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Mike Johnson

The decimated Republican majority turns to November

WHITE SULPHUR SPRINGS, W.Va. — The House Republican Conference is in a pretty bad spot right now. Members are heading for the exits and one didn’t even bother to have a conversation with leadership before he did so. Attendance at this week’s retreat is anemic. A senior GOP lawmaker estimated that only about one-third of House Republicans came to the event.

It’s the slimmest GOP majority in decades. There’s a looming deadline next week on complex spending bills that divide the conference. Right-wingers are aggrieved over leadership’s failure to listen to their unrealistic demands. Moderates are signing on to a discharge petition to move a massive foreign aid bill because Speaker Mike Johnson has failed to act on Ukraine and Israel funding.

So when House Republican leadership addressed the media Wednesday evening to kick off the retreat, they focused heavily on the 2024 election. Eager to shift attention from their governing mishaps, senior Republicans touted ambitious plans to grow their House majority.

The GOP theory of the case is dominated by three main pillars: President Joe Biden, immigration and redistricting.

First, Republicans are betting Biden’s unpopularity drags down Democrats in competitive districts. NRCC Chair Richard Hudson (R-N.C.) is intimately familiar with the numbers, citing the president’s 56% national disapproval rating.

If Biden really is that far underwater on Election Day, House Democrats will have to run well ahead of the president in order to take back the majority.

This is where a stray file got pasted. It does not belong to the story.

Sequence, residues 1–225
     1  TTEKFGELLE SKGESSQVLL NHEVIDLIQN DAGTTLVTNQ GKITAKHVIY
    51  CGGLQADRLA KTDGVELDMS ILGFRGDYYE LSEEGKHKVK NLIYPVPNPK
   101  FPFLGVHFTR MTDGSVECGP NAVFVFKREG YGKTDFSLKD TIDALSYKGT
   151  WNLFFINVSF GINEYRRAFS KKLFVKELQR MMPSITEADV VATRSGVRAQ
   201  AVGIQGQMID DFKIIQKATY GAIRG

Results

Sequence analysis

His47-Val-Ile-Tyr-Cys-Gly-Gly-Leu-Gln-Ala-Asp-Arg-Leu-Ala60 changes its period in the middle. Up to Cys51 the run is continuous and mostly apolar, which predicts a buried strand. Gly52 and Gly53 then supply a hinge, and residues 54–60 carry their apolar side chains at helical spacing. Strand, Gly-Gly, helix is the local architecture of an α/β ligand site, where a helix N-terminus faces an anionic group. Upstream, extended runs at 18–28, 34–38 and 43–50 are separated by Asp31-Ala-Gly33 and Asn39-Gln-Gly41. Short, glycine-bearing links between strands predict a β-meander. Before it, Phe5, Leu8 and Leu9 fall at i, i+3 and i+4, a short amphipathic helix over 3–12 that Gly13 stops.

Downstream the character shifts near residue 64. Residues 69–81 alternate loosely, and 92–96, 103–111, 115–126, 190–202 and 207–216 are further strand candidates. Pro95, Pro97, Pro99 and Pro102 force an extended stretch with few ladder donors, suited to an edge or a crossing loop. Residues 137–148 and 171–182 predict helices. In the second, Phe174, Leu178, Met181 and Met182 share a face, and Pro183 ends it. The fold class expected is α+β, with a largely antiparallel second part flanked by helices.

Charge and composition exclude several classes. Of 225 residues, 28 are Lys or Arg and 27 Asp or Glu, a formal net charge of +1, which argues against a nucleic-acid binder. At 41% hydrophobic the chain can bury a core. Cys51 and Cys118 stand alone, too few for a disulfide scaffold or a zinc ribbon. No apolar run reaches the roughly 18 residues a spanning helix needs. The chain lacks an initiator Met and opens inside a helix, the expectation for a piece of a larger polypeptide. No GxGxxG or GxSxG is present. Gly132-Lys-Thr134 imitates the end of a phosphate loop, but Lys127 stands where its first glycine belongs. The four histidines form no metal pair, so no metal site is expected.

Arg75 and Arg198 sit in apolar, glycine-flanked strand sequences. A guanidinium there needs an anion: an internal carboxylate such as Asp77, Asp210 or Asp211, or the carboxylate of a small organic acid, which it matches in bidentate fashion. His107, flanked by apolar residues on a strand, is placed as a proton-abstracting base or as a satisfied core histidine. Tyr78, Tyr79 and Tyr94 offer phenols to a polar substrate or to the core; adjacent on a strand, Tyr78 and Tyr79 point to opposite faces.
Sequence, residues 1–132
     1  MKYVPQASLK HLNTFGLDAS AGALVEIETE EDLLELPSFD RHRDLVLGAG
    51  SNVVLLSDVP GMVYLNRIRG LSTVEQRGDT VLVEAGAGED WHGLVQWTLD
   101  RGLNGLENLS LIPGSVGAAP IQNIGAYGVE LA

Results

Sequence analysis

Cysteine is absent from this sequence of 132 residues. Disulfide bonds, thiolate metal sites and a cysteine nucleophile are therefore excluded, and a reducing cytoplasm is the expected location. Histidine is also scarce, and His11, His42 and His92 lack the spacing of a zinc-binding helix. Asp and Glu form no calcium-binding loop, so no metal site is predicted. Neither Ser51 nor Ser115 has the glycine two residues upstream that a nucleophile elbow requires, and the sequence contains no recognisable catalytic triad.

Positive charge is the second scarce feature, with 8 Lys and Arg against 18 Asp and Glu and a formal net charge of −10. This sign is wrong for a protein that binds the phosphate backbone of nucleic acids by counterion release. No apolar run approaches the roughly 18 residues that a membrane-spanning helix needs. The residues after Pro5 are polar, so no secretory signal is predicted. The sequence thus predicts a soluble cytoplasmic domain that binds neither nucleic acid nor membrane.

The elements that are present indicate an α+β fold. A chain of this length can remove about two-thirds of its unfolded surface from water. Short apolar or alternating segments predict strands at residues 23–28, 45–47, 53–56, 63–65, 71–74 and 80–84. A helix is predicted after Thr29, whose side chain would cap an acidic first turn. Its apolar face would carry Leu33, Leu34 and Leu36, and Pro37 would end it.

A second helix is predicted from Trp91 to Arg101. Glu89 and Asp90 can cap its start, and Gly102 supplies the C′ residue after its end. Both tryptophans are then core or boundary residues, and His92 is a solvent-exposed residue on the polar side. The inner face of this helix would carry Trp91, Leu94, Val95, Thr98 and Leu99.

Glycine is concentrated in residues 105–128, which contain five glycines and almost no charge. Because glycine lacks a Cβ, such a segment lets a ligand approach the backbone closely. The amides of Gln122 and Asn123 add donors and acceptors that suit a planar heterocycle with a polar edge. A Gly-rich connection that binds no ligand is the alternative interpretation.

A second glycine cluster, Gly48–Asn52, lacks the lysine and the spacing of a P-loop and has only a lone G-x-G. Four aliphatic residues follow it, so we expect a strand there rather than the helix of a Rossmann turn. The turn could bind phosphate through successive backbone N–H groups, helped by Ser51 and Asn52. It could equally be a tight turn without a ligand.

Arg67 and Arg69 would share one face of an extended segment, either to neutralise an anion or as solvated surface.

Remember: Democrats drastically overperformed expectations in 2022 when Biden’s approval rating was also low. The difference this time? Biden’s actually on the ballot this year. But so is former President Donald Trump, who can turn out Democratic voters better than anyone in history.

Second, the GOP hopes voters continue to say immigration is their top issue. Polls have shown the public favors their party on immigration and Republicans have been consistently hammering the Biden administration on the U.S.-Mexico border crisis.

Johnson singled out the vote this week on a resolution condemning Biden’s border policies as a preview of campaign messaging. Fourteen Democrats, mostly Frontliners, voted in favor, while 193 Democrats opposed the resolution.

“I think they’re going to regret that in the election cycle because I think the American people are dialed in on this,” Johnson said.

Third, the NRCC is touting the 2024 map. Both Democrats and Republicans agree the redistricting cycle was a wash. Johnson said Republicans are targeting 37 seats in November. They’re practically guaranteed to pick up three seats in North Carolina, offsetting expected losses in New York, Alabama and Louisiana.

A disclaimer: Democrats are incredibly confident they can win back the House. They think the 17 Republicans in districts won by Biden in 2020 are ripe for the picking. And they argue that abortion rights — a winning issue for Democrats — will be top of mind for voters.

What’s on the GOP agenda today: Marc Andreessen will speak about AI. Susan B. Anthony Pro-Life President Marjorie Dannenfelser will discuss a “pro-family agenda” and former Secretary of Defense Chris Miller will address national security.

— Max Cohen

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Editorial photos provided by Getty Images. Political ads courtesy of AdImpact.